# Tensor Creation API¶

This note describes how to create tensors in the PyTorch C++ API. It highlights the available factory functions, which populate new tensors according to some algorithm, and lists the options available to configure the shape, data type, device and other properties of a new tensor.

## Factory Functions¶

A *factory function* is a function that produces a new tensor. There are many
factory functions available in PyTorch (both in Python and C++), which differ
in the way they initialize a new tensor before returning it. All factory
functions adhere to the following general “schema”:

```
torch::<function-name>(<function-specific-options>, <sizes>, <tensor-options>)
```

Let’s bisect the various parts of this “schema”:

`<function-name>`

is the name of the function you would like to invoke,`<functions-specific-options>`

are any required or optional parameters a particular factory function accepts,`<sizes>`

is an object of type`IntList`

and specifies the shape of the resulting tensor,`<tensor-options>`

is an instance of`TensorOptions`

and configures the data type, device, layout and other properties of the resulting tensor.

### Picking a Factory Function¶

The following factory functions are available at the time of this writing (the hyperlinks lead to the corresponding Python functions, since they often have more eloquent documentation – the options are the same in C++):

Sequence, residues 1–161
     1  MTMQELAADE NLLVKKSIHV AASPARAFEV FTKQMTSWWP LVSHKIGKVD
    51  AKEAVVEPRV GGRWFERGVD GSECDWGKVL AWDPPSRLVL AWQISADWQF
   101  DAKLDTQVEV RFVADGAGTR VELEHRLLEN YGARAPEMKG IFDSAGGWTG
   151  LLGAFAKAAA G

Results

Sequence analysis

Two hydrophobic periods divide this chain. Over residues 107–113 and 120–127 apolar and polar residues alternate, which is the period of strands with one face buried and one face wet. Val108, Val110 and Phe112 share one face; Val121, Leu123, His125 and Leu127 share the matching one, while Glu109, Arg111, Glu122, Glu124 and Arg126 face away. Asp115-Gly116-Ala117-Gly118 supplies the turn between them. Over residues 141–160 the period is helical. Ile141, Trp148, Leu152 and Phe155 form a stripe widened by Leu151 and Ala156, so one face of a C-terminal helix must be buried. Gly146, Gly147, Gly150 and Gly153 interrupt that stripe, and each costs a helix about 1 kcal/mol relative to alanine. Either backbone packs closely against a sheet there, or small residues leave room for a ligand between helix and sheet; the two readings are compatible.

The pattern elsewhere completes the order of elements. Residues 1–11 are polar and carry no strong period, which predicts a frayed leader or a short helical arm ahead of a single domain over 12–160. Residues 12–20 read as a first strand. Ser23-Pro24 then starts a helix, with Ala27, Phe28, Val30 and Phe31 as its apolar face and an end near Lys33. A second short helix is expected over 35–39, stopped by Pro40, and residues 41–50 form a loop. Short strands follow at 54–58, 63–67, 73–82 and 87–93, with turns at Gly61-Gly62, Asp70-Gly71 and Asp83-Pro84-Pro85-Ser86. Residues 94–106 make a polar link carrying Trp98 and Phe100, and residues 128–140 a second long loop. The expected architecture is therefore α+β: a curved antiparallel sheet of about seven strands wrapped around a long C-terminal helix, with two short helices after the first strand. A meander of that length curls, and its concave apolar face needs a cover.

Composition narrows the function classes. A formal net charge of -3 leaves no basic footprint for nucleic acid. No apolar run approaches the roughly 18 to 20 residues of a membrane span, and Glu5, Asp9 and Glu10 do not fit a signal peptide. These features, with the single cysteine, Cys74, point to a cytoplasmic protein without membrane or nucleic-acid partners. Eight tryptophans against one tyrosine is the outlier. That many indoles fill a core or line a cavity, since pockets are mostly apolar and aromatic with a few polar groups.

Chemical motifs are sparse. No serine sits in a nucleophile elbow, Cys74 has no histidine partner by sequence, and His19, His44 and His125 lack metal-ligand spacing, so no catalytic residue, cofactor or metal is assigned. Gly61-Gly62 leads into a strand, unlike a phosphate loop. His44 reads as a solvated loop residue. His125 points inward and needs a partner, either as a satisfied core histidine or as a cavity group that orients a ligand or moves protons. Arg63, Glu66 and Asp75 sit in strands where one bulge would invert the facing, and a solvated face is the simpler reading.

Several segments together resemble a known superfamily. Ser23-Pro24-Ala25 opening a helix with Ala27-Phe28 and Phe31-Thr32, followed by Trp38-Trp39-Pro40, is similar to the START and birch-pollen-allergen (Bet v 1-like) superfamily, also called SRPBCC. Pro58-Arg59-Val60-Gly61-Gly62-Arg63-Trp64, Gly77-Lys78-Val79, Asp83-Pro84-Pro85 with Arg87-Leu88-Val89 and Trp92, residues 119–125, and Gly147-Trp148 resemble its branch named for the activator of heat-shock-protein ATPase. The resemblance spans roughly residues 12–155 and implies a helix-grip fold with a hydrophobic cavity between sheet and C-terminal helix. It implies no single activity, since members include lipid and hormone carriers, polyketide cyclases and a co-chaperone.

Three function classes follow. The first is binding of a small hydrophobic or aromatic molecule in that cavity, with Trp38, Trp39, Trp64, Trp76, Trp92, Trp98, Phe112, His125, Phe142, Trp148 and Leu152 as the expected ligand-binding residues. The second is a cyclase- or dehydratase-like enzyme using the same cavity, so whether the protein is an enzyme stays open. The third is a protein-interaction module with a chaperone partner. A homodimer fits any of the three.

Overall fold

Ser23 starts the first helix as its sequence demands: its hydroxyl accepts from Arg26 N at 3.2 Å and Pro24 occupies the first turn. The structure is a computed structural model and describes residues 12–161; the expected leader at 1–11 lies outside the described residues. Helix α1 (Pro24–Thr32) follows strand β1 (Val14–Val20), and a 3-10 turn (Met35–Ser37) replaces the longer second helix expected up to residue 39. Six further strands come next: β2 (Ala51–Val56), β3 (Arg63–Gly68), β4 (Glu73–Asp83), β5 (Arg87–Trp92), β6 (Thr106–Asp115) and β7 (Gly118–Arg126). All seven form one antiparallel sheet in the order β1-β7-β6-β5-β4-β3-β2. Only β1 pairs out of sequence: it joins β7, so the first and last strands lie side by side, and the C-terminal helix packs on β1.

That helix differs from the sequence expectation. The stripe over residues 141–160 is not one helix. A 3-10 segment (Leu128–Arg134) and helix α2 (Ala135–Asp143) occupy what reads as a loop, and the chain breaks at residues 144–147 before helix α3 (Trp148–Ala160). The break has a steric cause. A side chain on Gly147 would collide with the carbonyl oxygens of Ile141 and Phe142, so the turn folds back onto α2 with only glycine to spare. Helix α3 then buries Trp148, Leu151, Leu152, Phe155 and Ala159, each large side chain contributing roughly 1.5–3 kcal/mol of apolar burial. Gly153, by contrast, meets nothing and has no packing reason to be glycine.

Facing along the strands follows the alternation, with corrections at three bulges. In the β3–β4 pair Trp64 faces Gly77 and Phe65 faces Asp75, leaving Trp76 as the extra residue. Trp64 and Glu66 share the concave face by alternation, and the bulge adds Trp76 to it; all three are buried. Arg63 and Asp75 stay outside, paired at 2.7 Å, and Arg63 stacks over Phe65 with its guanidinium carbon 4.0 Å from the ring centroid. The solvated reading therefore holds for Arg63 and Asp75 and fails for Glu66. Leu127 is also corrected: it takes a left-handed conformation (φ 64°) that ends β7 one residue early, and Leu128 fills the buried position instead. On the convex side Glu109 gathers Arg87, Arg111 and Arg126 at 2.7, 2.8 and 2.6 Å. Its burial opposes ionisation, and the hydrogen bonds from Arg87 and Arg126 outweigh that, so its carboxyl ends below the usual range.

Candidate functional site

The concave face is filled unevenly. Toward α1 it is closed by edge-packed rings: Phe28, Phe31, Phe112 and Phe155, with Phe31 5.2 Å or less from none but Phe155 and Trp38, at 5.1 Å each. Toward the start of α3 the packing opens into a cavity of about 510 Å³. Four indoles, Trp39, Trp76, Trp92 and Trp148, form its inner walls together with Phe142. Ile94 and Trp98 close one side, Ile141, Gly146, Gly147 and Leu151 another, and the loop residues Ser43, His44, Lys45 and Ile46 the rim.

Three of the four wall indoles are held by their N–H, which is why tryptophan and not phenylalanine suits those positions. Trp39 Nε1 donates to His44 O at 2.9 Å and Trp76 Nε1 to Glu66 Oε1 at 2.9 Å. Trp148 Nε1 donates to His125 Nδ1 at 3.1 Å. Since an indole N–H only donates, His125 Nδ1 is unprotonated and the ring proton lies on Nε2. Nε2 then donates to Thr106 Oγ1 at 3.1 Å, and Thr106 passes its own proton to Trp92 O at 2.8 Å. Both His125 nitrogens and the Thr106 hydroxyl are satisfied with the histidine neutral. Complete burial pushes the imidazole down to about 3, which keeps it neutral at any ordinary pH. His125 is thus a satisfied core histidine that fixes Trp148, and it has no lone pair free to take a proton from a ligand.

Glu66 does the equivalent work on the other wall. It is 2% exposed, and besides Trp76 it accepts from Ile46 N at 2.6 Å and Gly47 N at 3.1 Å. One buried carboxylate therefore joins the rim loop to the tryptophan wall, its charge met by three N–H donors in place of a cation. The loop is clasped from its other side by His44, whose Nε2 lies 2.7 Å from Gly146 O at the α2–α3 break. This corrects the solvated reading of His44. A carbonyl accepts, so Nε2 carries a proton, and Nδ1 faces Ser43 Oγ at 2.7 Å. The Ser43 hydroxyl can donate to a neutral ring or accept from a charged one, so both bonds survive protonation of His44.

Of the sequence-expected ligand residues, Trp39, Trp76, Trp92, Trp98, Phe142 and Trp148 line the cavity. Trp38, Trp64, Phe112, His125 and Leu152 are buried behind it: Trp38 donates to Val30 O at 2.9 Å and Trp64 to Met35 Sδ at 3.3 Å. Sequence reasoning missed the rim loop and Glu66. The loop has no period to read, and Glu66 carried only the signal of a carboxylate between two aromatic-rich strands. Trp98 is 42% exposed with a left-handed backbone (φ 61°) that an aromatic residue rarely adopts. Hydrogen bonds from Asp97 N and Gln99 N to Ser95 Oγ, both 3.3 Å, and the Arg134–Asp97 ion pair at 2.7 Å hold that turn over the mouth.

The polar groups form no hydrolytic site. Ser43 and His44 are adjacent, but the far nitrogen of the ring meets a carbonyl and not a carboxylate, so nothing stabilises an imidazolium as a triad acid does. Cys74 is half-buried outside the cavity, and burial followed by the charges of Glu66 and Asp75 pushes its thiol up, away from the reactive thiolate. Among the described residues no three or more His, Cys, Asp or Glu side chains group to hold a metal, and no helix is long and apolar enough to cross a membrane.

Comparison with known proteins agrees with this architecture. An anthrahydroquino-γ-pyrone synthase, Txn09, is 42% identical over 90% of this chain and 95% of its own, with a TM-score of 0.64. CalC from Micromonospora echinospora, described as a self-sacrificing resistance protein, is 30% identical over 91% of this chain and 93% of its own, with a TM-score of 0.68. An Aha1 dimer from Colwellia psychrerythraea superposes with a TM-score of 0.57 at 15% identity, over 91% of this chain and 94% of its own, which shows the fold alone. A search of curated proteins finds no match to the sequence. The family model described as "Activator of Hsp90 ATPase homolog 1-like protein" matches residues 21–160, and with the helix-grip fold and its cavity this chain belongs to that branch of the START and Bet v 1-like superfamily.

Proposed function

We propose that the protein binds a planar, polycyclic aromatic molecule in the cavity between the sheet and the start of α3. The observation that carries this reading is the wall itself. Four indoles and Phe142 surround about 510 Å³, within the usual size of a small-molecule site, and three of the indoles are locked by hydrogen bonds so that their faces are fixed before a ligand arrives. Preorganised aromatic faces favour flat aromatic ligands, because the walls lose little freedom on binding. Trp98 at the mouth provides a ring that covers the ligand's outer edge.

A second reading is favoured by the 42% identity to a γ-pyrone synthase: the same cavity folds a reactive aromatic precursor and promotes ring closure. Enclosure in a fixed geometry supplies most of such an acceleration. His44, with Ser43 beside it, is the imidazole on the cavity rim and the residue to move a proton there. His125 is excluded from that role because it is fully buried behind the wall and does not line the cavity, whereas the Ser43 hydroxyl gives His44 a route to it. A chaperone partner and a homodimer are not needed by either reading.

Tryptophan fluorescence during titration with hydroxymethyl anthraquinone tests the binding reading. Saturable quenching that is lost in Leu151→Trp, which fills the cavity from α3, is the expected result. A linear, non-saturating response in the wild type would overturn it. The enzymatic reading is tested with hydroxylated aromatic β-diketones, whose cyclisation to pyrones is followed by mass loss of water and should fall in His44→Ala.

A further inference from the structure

- arange: Returns a tensor with a sequence of integers,
- empty: Returns a tensor with uninitialized values,
- eye: Returns an identity matrix,
- full: Returns a tensor filled with a single value,
- linspace: Returns a tensor with values linearly spaced in some interval,
- logspace: Returns a tensor with values logarithmically spaced in some interval,
- ones: Returns a tensor filled with all ones,
- rand: Returns a tensor filled with values drawn from a uniform distribution on
`[0, 1)`

. - randint: Returns a tensor with integers randomly drawn from an interval,
- randn: Returns a tensor filled with values drawn from a unit normal distribution,
- randperm: Returns a tensor filled with a random permutation of integers in some interval,
- zeros: Returns a tensor filled with all zeros.

### Specifying a Size¶

Functions that do not require specific arguments by nature of how they fill the tensor can be invoked with just a size. For example, the following line creates a vector with 5 components, initially all set to 1:

```
torch::Tensor tensor = torch::ones(5);
```

What if we wanted to instead create a `3 x 5`

matrix, or a `2 x 3 x 4`

tensor? In general, an `IntList`

– the type of the size parameter of factory
functions – is constructed by specifying the size along each dimension in
curly braces. For example, `{2, 3}`

for a tensor (in this case matrix) with
two rows and three columns, `{3, 4, 5}`

for a three-dimensional tensor, and
`{2}`

for a one-dimensional tensor with two components. In the one
dimensional case, you can omit the curly braces and just pass the single
integer like we did above. Note that the squiggly braces are just one way of
constructing an `IntList`

. You can also pass an `std::vector<int64_t>`

and